Over the decade to the end of 2016 F1’s sponsorship revenue rose 49.7% to $262 million. It made the greatest gain in 2013 when Rolex and Emirates joined and boosted F1’s sponsorship tally by $53.4 million. The two brands actually paid even more than that.
This author has unique insight into F1’s sponsorship values through leading a team which has been analysing the deals for more than 15 years. Fees for every F1 sponsorship deal since 2005 have been derived from hundreds of interviews cross-referenced with thousands of company filings. Values are based on size, location and number of logos as well as benefits other than branding and performance at the time the deal was signed.
The results have been compiled in the first ever searchable archive of F1 sponsorship values which covers more than 5,000 deals since 2005. The data can be searched by sponsor, team, sector, deal value or country of origin and the results are shown on custom-generated charts.
They show that when they joined in 2013 Rolex paid an estimated $40 million whilst $25 million came from Emirates which more than compensated for the loss of several minor deals and the F1 calendar having one less race than the previous year. Liberty’s new deals haven’t been as turbocharged as this despite promising rapid growth.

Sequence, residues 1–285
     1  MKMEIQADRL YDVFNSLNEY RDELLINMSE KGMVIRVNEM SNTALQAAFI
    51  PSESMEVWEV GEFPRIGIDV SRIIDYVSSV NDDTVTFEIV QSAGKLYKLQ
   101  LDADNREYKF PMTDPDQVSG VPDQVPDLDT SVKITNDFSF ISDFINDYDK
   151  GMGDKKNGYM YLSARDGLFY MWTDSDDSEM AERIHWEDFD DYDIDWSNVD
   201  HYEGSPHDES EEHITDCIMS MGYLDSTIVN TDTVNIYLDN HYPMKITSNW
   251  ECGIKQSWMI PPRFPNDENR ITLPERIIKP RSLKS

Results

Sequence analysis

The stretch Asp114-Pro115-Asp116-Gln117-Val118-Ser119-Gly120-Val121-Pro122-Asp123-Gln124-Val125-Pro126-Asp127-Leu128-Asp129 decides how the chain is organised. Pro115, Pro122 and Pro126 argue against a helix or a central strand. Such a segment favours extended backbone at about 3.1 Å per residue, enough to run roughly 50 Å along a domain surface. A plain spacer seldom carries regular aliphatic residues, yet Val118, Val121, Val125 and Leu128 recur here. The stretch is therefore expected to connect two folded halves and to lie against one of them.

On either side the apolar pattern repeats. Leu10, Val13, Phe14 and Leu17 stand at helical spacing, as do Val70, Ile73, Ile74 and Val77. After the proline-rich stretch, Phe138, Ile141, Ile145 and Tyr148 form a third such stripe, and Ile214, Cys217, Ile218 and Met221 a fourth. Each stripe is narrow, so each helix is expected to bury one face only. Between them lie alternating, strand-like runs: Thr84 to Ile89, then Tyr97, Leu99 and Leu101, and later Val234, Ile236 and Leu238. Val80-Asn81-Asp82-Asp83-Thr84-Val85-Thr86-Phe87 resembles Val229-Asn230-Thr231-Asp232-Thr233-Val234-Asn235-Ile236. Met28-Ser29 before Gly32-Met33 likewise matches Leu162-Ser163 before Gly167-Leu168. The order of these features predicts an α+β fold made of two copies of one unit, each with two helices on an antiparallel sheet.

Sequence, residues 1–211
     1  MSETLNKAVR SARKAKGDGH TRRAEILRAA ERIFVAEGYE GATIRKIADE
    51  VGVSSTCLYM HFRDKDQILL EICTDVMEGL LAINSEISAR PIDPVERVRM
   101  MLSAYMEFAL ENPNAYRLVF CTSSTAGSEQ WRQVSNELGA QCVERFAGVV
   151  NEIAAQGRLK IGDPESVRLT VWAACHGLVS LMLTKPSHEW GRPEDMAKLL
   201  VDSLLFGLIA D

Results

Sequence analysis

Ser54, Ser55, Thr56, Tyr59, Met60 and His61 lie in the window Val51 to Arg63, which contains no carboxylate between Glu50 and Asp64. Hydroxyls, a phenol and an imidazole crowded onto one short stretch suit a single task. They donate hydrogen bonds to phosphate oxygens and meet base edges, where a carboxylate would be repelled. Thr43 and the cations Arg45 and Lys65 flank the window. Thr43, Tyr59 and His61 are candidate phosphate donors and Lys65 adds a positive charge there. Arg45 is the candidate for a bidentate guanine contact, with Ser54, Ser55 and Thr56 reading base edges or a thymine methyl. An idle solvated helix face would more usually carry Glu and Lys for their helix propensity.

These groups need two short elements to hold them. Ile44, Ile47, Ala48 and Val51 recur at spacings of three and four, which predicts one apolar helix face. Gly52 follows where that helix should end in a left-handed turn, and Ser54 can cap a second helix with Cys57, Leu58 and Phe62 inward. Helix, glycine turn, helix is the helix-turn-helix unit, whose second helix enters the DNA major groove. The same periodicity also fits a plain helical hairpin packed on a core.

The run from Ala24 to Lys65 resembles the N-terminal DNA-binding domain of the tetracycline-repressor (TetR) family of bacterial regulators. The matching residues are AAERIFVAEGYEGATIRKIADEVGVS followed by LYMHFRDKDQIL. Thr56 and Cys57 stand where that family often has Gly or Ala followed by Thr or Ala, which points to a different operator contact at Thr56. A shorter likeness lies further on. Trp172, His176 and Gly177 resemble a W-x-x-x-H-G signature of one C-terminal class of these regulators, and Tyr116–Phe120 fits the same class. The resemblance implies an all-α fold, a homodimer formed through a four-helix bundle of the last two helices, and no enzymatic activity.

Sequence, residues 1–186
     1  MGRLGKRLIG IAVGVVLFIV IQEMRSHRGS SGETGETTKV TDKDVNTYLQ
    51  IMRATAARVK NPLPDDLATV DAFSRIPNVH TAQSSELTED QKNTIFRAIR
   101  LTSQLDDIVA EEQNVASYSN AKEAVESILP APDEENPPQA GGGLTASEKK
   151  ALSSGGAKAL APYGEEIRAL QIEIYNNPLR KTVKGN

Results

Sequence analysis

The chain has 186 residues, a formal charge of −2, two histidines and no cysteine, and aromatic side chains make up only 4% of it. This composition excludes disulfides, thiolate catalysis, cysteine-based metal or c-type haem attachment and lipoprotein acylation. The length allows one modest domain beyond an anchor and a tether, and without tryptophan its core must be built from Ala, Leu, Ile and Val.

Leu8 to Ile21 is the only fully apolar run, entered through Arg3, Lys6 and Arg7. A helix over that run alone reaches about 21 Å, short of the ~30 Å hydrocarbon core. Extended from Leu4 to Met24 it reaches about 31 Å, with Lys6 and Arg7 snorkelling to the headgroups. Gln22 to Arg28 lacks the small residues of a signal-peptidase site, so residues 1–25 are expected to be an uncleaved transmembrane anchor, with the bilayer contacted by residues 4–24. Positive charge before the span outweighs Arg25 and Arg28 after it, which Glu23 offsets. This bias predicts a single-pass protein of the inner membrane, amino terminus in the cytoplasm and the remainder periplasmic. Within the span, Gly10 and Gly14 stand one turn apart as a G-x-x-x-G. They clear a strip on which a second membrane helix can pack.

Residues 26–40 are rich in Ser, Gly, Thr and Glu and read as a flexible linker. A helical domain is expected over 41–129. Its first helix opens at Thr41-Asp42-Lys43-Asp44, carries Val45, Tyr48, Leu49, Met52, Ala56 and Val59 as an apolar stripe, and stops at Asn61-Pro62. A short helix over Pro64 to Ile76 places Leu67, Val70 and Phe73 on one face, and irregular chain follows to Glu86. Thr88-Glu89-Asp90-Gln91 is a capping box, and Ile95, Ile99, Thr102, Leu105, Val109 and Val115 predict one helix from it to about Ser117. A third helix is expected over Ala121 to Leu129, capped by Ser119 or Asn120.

In an interview on CNBC’s Squawk Box way back in January 2017 Carey was asked about his forecasts for F1’s key revenue streams. In response he said “Probably the one to grow the fastest is sponsorships. Realistically today we have a one-man sponsorship operation. There are many categories we are not selling into. We have signage at tracks we’re not selling. Putting an organisation in place that enables us to execute on that probably is the most immediate impact.” It was not to be.
In Liberty’s first year at the wheel, F1’s sponsorship haul only increased by $11 million which was less than the growth in any other year over the past decade. In November 2018 Carey finally admitted it hadn’t gone as he expected when he told the Financial Times that “the perception was just there are sponsors waiting…They were lined up out there and as soon as we had somebody to go call on them, they were just going to sign up. The world’s not that simple.”
According to Roberts, it has got to the point where sponsors now need to be encouraged back to the sport. “We hope with all the investment and the change in management, this will help encourage advertisers back to the sport,” he said. It remains to be seen whether Liberty can pull it off but it has raised the stakes by investing so much in a bid to boost the number of younger viewers.